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REDEMPTION RUN IN WISCONSIN
I also learned from my marathon in D.C. that I needed to increase my endurance on hills. To manage this I ran in Van Cortlandt park at least once a week leading up to the race. There I pushed my limits on the hills. I even ran some of my longer runs with local college teams.
The morning of the race my legs and I felt fresh and eager to run fast and long.
The chilly 40 degree weather in Wisconsin might have bothered me if I didn’t know that such a temperature would only make it easier for my body to stay cool as the race progressed.
With 20 seconds until the start I kissed my hand and placed it on the ground to ask for strength and thank the earth for letting me run.
During the first 3 miles I ran with a group of three other runners at a relatively easy pace. We chatted and I learned that each of them had already raced distances of 50k and beyond. When I shared that I had never run a 50k before, one runner suggested that starting out in the front was bold. I just smiled and told him I trust my training.
I set a goal to run under 4:15 and qualify for the elite wave of the Endurance Challenge 50 miler in San Francisco. With this in mind I picked up the pace and started running with purpose. Just before mile four, I left the pack.
As I weaved through the wooded trails, I ran and breathed lightly and relaxed. I felt smooth and in control at 7:00 minute pace per mile. Midway through I felt so fresh I thought I might even negative split the second half of my race. As I neared mile 26, however, fatigue spread throughout my legs. I increased the frequency of my gel intake to every 30 minutes and drank more water, but to no avail. My legs grew heavier and more sluggish. “Dang it!” I thought to myself.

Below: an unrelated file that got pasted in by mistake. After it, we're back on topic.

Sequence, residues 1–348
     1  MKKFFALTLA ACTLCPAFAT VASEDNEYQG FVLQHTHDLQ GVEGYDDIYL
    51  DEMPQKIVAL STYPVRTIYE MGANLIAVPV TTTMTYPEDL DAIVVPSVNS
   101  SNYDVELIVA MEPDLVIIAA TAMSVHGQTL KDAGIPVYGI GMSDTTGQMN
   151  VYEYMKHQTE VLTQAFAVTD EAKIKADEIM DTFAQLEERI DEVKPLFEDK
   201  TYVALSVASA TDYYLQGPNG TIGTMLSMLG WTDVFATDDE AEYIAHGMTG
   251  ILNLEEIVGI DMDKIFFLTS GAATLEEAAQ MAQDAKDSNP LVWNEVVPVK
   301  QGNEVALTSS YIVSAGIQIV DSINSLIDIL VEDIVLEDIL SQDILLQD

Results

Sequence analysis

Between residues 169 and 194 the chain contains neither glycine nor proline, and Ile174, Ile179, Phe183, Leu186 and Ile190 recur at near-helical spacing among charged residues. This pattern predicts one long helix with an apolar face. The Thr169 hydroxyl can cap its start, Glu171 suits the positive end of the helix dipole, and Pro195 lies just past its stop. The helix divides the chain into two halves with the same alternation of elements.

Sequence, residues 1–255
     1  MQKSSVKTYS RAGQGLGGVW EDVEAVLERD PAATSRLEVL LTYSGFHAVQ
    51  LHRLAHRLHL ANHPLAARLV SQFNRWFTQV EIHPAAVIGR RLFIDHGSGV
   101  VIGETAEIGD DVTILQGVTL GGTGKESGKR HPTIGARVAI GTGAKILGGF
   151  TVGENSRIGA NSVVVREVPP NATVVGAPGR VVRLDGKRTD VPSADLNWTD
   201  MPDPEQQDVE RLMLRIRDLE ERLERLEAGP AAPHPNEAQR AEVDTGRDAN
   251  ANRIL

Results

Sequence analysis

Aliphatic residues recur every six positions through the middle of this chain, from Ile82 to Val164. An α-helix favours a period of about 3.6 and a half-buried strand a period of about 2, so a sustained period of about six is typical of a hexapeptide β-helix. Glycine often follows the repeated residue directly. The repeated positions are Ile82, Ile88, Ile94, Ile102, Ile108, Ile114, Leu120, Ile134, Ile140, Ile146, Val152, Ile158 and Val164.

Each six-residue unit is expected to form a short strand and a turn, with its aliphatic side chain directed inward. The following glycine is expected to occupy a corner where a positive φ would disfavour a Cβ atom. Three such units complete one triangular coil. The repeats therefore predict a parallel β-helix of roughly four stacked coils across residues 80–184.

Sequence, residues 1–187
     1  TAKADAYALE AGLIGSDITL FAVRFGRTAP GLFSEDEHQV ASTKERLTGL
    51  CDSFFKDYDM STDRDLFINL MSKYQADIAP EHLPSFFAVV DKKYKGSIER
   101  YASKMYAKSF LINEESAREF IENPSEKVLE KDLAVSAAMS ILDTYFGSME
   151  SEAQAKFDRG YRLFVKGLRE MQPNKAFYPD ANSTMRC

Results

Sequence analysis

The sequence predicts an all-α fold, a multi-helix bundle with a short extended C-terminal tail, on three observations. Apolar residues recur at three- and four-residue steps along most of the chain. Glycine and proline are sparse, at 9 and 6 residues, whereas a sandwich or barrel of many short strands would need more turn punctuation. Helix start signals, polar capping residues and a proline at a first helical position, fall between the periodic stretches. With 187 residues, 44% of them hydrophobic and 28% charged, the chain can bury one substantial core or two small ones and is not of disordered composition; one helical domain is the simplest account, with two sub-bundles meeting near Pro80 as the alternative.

For the next four miles I fluctuated between 8:00 and 9:30 minute pace per mile.
At mile 27 I fell to second place. I tried to respond but failed. I looked down at my watch, which read 3:19:02 and realized that I had plenty of time to finish under 4:15 and qualify for the race in San Francisco.
Within the final 200 meters, my calves and quads started to to cramp. I mustered up what little energy I had left and crossed the line in second place with a time of 3:53:03. I felt so happy to finish my first 50k, I barely noticed any pain.
Upon reflection of my race, I thought that perhaps if I had stayed back with the winner early on, I might have won the race. Then I realized,
“I don’t want to slow down to win, I want to learn to run faster, longer.”
After all I did feel in control for most of the race, I only needed a little extra for a few more miles.
On December 6th I run the North Face Endurance Challenge 50 miler. For this race I want to focus on running faster, longer.
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This past weekend I went to Wisconsin with my wife Abby to see family, hang with friends and run my first ever 50k trail race as part of the North Face Endurance Challenge Series. I started this series with a first place finish in the Bear Mt. Half Marathon. Then in Washington D.C. I finished my first marathon in fifth place.
During the marathon, my longest race in distance, I experienced muscle cramping, so I knew that for the 50k it would be prudent to eat more energy gels for extra sodium. Leading up to the 50k I practiced with nutrition until I found the perfect balance. The magic combination turned out to be one gel every 30-35 minutes, starting with the sweet flavors and ending with the sour.
Coach Patrick Hammond earned his Masters Degree in Sports and Performance Psychology from the University of the Rockies. He is a USA Track and Field Level 1 certified coach.
As a runner in college he competed at Western Kentucky University, where he helped his team win a Division IA Cross Country Sun Belt Conference Championship.
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